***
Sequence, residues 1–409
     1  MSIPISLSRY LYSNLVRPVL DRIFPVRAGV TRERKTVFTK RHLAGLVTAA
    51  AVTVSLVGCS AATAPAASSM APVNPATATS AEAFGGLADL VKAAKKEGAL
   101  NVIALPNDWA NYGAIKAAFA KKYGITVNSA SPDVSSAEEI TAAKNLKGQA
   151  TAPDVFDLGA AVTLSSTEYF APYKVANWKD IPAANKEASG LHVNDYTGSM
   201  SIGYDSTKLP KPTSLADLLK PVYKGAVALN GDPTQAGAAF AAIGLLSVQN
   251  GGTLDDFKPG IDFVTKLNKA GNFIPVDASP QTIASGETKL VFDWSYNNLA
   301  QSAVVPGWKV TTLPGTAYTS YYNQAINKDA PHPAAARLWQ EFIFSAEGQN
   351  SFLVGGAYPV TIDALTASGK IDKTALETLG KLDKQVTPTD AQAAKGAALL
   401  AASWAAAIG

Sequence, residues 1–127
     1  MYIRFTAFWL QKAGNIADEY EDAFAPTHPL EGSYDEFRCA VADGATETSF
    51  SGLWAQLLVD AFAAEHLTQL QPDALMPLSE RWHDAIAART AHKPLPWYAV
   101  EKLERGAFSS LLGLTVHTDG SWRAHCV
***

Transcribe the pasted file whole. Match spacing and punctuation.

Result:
Sequence, residues 1–409
     1  MSIPISLSRY LYSNLVRPVL DRIFPVRAGV TRERKTVFTK RHLAGLVTAA
    51  AVTVSLVGCS AATAPAASSM APVNPATATS AEAFGGLADL VKAAKKEGAL
   101  NVIALPNDWA NYGAIKAAFA KKYGITVNSA SPDVSSAEEI TAAKNLKGQA
   151  TAPDVFDLGA AVTLSSTEYF APYKVANWKD IPAANKEASG LHVNDYTGSM
   201  SIGYDSTKLP KPTSLADLLK PVYKGAVALN GDPTQAGAAF AAIGLLSVQN
   251  GGTLDDFKPG IDFVTKLNKA GNFIPVDASP QTIASGETKL VFDWSYNNLA
   301  QSAVVPGWKV TTLPGTAYTS YYNQAINKDA PHPAAARLWQ EFIFSAEGQN
   351  SFLVGGAYPV TIDALTASGK IDKTALETLG KLDKQVTPTD AQAAKGAALL
   401  AASWAAAIG

Sequence, residues 1–127
     1  MYIRFTAFWL QKAGNIADEY EDAFAPTHPL EGSYDEFRCA VADGATETSF
    51  SGLWAQLLVD AFAAEHLTQL QPDALMPLSE RWHDAIAART AHKPLPWYAV
   101  EKLERGAFSS LLGLTVHTDG SWRAHCV